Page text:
# drawing in perspective

Representing an object of the space in a plane by giving the illusion of the third dimension is a real challenge!   On a drawing in perspective (or a picture, here the railway of bay of the Somme - France), parallel lines contained in a plane parallel to the front plane are parallel , but other parallel lines converge on a vanishing point F on the horizon line h. In parallel perspective all real parallel lines are also parallel on the drawing (vanishing point at the infinity).
To achieve a drawing geometrically useful, we have to respect a few elementary rules: preservation of alignment, of parallelism and of the midpoints. Such a drawing allows then to study affine properties, but not metric ones (angles and length are not preserved). To study metric properties (angles, orthogonality, length) we must use an orthographic projection, and thus chose its different parameters:
•   a frontal plane (F): a segment in this plane or in a parallel plane is represented in real size (see remark below),
•   a leak angle (a=30° on the picture): the lines perpendicular to (F), the vanishing lines, are represented in this direction,
•   a reduction ratio (k=0.5 on the picture): the lengths represented in the vanishing direction are multiplied by k.
The point (x, y, z) of the space is thus represented with the point (x + y×k×cos[a], z + y×k×sin[a]) of the plane (F)=(xOz).
We choose for (F) a plane linked to the object which will be represented, then a<45° and r=0.5 (these values give a nice look).

To depict some line (neither parallel nor perpendicular to the frontal plane) we must determine two of its points or one of its points and its direction (a parallel line). Let's notice that the representation of a circle is usually an ellipse.
To improve the readability of the representation the hidden parts are drawn with dotted lines.

 Remark: in a parallel perspective distances are preserved in the planes parallel to the frontal plane (F), but there is another plane direction where this property holds: the direction (f') symmetric of the one (f) of the frontal plane with respect to the projection direction (d). Indeed, among the quadrilaterals with two parallel sides and two sides with same length one finds, besides the parallelogram, the isosceles trapezium and crossed types. To improve your knowledge: La perspective cavalière (Audibert G.) - APMEP 1990 (in French) Now we are ready to achieve some nice drawings using simple constructions!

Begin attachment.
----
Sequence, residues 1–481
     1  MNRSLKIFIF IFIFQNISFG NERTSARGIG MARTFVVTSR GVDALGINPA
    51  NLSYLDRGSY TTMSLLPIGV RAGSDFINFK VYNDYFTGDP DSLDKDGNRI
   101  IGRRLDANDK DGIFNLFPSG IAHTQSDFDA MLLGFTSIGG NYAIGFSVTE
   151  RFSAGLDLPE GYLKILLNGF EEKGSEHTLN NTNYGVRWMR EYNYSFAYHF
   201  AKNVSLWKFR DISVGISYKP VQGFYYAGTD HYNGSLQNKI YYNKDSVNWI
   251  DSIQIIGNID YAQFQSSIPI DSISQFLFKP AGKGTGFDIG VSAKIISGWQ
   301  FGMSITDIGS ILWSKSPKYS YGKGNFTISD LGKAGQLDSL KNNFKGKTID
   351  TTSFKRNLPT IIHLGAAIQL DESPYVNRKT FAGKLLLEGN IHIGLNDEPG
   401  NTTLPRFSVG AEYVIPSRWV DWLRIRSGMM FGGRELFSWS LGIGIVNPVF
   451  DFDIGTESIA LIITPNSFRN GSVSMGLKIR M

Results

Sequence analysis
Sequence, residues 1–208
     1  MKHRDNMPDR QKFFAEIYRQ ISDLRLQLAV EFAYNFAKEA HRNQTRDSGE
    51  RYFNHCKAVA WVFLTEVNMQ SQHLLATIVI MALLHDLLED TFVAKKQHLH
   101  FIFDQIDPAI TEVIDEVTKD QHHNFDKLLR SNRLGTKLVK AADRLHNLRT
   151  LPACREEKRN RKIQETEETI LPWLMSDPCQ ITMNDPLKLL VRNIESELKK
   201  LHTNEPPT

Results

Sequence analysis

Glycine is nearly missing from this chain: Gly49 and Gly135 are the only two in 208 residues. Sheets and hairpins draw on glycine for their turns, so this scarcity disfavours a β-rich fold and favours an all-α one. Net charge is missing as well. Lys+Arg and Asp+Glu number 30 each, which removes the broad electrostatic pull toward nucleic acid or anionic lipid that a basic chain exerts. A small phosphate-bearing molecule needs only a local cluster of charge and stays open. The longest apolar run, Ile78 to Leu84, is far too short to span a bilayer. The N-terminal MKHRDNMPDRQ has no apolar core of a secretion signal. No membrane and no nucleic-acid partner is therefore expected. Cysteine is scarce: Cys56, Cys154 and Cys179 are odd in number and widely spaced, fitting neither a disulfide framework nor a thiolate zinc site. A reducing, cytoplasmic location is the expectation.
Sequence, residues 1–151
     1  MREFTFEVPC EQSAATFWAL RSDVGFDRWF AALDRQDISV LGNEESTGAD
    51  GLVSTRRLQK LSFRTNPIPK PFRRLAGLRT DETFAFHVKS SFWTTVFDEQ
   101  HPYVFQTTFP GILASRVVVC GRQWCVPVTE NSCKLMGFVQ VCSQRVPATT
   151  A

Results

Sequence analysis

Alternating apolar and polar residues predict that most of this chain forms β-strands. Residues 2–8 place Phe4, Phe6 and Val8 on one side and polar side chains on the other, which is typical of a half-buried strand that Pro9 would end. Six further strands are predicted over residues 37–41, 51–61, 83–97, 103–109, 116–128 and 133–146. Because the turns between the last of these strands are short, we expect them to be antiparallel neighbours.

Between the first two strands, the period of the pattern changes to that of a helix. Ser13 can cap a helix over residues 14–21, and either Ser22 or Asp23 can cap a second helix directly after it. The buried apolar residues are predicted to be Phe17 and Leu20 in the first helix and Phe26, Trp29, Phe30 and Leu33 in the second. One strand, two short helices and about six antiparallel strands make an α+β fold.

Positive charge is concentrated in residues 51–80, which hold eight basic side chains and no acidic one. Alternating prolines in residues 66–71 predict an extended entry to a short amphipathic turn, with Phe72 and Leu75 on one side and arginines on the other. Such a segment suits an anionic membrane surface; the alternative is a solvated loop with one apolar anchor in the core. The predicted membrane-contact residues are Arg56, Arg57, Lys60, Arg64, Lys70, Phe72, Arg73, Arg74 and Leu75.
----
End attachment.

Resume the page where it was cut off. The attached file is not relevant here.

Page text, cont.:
### let's cut a cube

The cutting plane is defined by three points laying on three edges.
The constructions are easy; they use the preservation of the alignment and of the parallelism (two parallel planes determine two parallel lines on a secant plane). The elements in the section plane are represented in green, the section polygon in red.
In the two last cases we have to use an intersection point (external to the cube) of the section plane with an edge.
The "little" pigeon holes theorem allows us to foresee the different possible cases. The six faces are shared by pairs in three directions two by two orthogonal; the sides of the section polygon can thus only belong to three directions (the holes), each of them containing no more than two sides ("little" holes). So a section can be a triangle, a quadrilateral (trapezium or parallelogram), a pentagon (with two pairs of parallel sides) or an hexagon (with opposite sides parallel). Drawing the section polygon in real size needs a little more work, but remains an elementary exercise. The sides laying in the front and back panes are in real size; the segments laying on vanishing lines have real size double of those appearing on the drawing (for a ratio r=1/2). Thus we can, using constructions of well chosen rectangular triangles, obtain the length of all segments whose ends lay on two perpendicular edges.
To restrict the number of length to construct, we may notice that a section is always either a parallelogram, either a parallelogram truncated by a line (triangle, trapezium, pentagon) or by two parallel lines (hexagon).

exercises: Can the section polygon be an equilateral triangle? a rectangle? a rhombus? a square? a regular pentagon? a regular hexagon?
It is of course advisable to look for answers with arguments before to consult the solutions.

### two simple examples of drawings in parallel perspective

It is important to understand how these two drawings are made; we choose a leak angle α=40° and a reduction ratio k=0.5=1/2.